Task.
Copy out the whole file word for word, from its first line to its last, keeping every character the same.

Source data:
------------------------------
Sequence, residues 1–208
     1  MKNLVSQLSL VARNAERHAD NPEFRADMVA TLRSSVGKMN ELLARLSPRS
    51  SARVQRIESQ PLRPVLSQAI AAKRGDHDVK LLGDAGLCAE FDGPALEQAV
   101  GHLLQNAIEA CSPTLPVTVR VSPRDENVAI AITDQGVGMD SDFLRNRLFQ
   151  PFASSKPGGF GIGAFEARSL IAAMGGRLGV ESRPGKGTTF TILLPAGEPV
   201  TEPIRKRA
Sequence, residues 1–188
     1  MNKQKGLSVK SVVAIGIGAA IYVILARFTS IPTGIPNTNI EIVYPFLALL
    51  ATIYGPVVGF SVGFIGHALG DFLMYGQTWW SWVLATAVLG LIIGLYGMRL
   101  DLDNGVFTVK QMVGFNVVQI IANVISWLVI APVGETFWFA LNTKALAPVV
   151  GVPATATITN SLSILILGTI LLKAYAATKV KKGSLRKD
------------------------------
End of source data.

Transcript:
Sequence, residues 1–208
     1  MKNLVSQLSL VARNAERHAD NPEFRADMVA TLRSSVGKMN ELLARLSPRS
    51  SARVQRIESQ PLRPVLSQAI AAKRGDHDVK LLGDAGLCAE FDGPALEQAV
   101  GHLLQNAIEA CSPTLPVTVR VSPRDENVAI AITDQGVGMD SDFLRNRLFQ
   151  PFASSKPGGF GIGAFEARSL IAAMGGRLGV ESRPGKGTTF TILLPAGEPV
   201  TEPIRKRA
Sequence, residues 1–188
     1  MNKQKGLSVK SVVAIGIGAA IYVILARFTS IPTGIPNTNI EIVYPFLALL
    51  ATIYGPVVGF SVGFIGHALG DFLMYGQTWW SWVLATAVLG LIIGLYGMRL
   101  DLDNGVFTVK QMVGFNVVQI IANVISWLVI APVGETFWFA LNTKALAPVV
   151  GVPATATITN SLSILILGTI LLKAYAATKV KKGSLRKD